Confusing Relative and Absolute Risk

firearmThe age of the internet has created an explosion of information, both good and bad. Popular media accounts of a recent study by the University of Nevada-Reno and the Harvard T.H. Chan School of Public Health provide a classic example. The result is a misleading headline that confuses relative and absolute risk. It shows the media bias that exists with gun control.

Reviewing the Study

The researches analyzed mortality data provided by the World Health Organization. Their analysis led them to the conclusion that American mortality caused by firearms is ten times that of other developed countries. But what does that mean? Let’s crunch some numbers.

According to the Centers for Disease Control, there were 33,636 deaths from firearms in 2013. That figure translated into 10.6 deaths per 100,000. Put another way, your chances of dying by a firearm are 0.01 percent. The implication from the popular media headlines of 10 times the risk means you’re going from 0.001 to 0.01 percent. Call me a skeptic, but that doesn’t sound like a much greater chance of being gunned down.

And that is a clear example of irresponsible reporting by the media. The 10 times figure sound scary; the 0.01 percent figure does not. To get the page views, the media opted for the more sensational headline. It relies on the fact that the average reader doesn’t have a handle on statistics.

The Agenda

But, wait, there’s more. The study was founded by an award from The Joyce Foundation. The foundation has admirable goals of better education and a clean environment. However, a mission for gun violence prevention should not include blatant misleading information. It rests on an agenda by popular media to sway public opinion through deception.

I find this aspect especially hypocritical. The anti-GMO sector is quick to point out a study funded by Monsanto as evidence of bias. However, making such a claim commits its own logical error via the appeal to motive fallacy.

Granted, there is a fine line between biased and unbiased reporting. In the case of Monsanto, federal law requires manufacturers to conduct studies of their products. They cannot opt out and wait for a third party to do the testing required of them. The fact that they publish studies isn’t an immediate accusation. They have no choice but to publish.

In the case of The Joyce Foundation, the award was a choice based on the foundation’s own publicly-stated mission. And yes, it cannot control how the media will report its findings. However, the misleading nature of the headlines suggests an attempt to deceive. But, to give everyone the benefit of the doubt, some reporters have admitted being light in the stats department.

The Final Point

There’s one more point to add about the absolute risk of firearms violence. I quoted a figure of 33,636 deaths. However, that figure includes all firearm mortality, including suicide, hunting accidents, accidents when handling/cleaning, justifiable homicide (self-defense), and any other way a firearm could harm. Your chances of dying from gun violence are in reality much lower than 0.01 percent. Let’s all relax.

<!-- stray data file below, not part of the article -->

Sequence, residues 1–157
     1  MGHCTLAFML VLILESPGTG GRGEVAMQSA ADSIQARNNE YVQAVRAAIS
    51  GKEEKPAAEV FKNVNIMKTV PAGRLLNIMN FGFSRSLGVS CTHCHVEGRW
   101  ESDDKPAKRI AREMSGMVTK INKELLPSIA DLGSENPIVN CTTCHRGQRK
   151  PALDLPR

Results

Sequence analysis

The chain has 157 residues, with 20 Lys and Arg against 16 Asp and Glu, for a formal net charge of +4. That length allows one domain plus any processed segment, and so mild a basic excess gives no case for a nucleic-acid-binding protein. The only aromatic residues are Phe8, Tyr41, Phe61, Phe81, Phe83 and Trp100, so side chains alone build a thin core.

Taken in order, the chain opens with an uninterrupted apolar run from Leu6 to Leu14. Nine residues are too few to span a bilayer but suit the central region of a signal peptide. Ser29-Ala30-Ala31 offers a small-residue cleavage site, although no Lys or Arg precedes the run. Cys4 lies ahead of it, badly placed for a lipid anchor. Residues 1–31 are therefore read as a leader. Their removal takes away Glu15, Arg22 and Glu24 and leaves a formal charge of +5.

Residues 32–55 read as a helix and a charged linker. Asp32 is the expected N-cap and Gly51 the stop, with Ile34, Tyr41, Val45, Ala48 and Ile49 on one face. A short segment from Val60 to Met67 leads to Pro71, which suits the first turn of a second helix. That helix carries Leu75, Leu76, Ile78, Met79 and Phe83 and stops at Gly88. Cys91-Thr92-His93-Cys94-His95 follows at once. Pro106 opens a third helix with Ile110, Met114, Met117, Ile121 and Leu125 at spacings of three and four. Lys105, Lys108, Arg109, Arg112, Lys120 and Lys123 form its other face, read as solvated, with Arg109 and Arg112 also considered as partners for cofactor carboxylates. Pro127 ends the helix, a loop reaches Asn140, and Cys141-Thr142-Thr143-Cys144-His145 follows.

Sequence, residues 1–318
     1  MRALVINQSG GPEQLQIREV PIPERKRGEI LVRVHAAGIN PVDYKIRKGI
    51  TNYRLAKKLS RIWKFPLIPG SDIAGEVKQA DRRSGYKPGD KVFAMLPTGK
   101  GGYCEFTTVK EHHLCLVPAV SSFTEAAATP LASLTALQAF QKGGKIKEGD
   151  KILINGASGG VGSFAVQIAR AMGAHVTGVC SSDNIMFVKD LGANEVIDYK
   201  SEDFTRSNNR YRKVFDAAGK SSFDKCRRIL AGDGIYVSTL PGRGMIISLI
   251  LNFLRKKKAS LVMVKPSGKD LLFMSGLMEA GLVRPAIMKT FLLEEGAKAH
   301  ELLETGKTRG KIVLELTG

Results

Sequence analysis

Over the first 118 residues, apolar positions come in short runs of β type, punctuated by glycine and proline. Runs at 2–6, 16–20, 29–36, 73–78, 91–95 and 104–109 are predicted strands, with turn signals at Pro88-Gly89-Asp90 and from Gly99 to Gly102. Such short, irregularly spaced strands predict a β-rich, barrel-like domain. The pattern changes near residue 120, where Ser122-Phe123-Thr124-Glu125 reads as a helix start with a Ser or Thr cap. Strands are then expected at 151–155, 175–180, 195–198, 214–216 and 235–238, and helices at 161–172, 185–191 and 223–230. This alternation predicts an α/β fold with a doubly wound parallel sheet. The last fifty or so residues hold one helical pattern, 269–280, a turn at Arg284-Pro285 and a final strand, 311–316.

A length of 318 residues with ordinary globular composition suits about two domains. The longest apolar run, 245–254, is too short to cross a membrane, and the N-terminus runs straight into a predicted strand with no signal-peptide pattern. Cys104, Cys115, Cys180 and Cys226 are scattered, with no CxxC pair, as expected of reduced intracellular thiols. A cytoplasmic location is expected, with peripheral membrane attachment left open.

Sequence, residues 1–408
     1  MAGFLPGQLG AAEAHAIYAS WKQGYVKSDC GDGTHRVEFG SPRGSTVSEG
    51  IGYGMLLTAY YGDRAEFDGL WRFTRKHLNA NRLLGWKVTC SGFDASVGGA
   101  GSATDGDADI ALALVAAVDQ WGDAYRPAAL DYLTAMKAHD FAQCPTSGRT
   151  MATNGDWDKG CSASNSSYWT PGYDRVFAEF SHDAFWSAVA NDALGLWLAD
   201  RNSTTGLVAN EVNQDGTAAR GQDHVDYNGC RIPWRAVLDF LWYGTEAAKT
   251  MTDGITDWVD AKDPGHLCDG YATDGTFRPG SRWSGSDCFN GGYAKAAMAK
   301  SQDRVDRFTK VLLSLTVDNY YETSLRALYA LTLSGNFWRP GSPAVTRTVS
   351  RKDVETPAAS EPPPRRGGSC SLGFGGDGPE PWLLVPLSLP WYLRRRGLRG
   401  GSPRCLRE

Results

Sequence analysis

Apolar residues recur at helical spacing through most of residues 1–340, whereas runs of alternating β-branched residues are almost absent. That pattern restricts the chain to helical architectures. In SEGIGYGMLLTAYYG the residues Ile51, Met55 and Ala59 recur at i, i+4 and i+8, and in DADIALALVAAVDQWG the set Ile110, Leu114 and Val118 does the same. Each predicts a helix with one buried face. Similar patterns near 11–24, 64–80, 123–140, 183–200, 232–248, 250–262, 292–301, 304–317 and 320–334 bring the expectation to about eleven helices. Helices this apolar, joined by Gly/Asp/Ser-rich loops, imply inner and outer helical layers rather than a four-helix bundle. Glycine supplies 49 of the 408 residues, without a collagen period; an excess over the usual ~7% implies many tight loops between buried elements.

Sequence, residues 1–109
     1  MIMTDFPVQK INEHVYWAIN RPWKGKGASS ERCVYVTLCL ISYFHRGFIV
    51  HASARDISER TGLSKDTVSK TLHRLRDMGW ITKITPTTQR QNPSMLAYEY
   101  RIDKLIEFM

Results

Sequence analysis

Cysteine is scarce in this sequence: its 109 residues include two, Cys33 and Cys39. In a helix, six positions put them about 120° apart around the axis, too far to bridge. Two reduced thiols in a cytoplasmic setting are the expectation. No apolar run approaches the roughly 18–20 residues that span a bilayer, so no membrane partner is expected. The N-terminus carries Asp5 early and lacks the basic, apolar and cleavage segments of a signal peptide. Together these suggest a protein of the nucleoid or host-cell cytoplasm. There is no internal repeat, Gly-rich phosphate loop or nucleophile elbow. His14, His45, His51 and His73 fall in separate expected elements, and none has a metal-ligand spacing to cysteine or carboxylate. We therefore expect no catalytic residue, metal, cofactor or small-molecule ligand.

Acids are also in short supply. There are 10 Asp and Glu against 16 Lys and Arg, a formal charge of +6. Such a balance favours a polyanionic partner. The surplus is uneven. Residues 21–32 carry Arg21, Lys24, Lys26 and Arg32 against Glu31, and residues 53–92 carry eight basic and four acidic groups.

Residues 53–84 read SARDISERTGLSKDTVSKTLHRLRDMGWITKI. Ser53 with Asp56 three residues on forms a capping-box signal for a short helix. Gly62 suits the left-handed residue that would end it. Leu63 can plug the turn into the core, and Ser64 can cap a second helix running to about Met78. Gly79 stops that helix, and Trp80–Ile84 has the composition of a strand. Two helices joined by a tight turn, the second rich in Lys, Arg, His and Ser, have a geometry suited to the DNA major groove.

By Chris DR/http://roadtowellness.weborglodge.com

photo credit: Sig P226 via photopin (license)

bipartisan science bias

Bipartisan Science Bias

bipartisan science biasAs if misinformation and careless reporting weren’t enough, science must contend with bipartisan science bias. Yes, it exists on both sides of the aisle. The anti-science criticism is appropriate for both liberals and conservatives, according to a study by Ohio State University.

The Scope of Bipartisan Science Bias

Researchers found that both groups engage in anti-science bias if something treads on their political beliefs. The subject varies, but the anti-science bias exists just the same. Liberals reject nuclear energy despite the economic benefits and the support of scientists. Though the study didn’t address it, the same bias applies to GMO, which are safe according to the AMA, AASA, WHO, and the Royal Academy, to name a few.

On the conservative side, evolution and climate change struck similar discords. Of course, the media stokes the fire, creating its own kind of bias. For example, you’d think ant-vaxxers were more prevalent in society, but thankfully are not. And not everyone engages in vigilantism a lá Greenpeace. The media just likes to push our buttons.

The Harm of Motivated Reasoning

This attachment of political views and science is a dangerous component of bipartisan science bias. Emotions become the driving force in the decision-making process. We are losing our ability to view science rationally and unbiased. Everyone loves a good story, but I blame popular media for fanning the flames.

Psychologists call this kind of thinking motivated reasoning. With emotions in play, individuals can justify just about anything. They filter science with a sieve of misinformation, letting the good information flow away. It’s a horrible riff on throwing the baby away with the bathwater.

Because it would be one thing if we were talking about football strategies, but we’re also talking about big issues with grave consequences like fracking, climate change, and food security. (Yes, GMOs are an essential part of the latter.) While we need to consider the stakeholders’ positions, we also have to act with the best knowledge, namely, science—even if we don’t like what it tells us.

The popular media has its selfish motivations for acting as it does. People, however, often forget one of the most basic tenets underlying all science. Until next time.

http://exploring.weborglodge.com/By Chris DR
photo credit: Welcome to Wellington via photopin (license)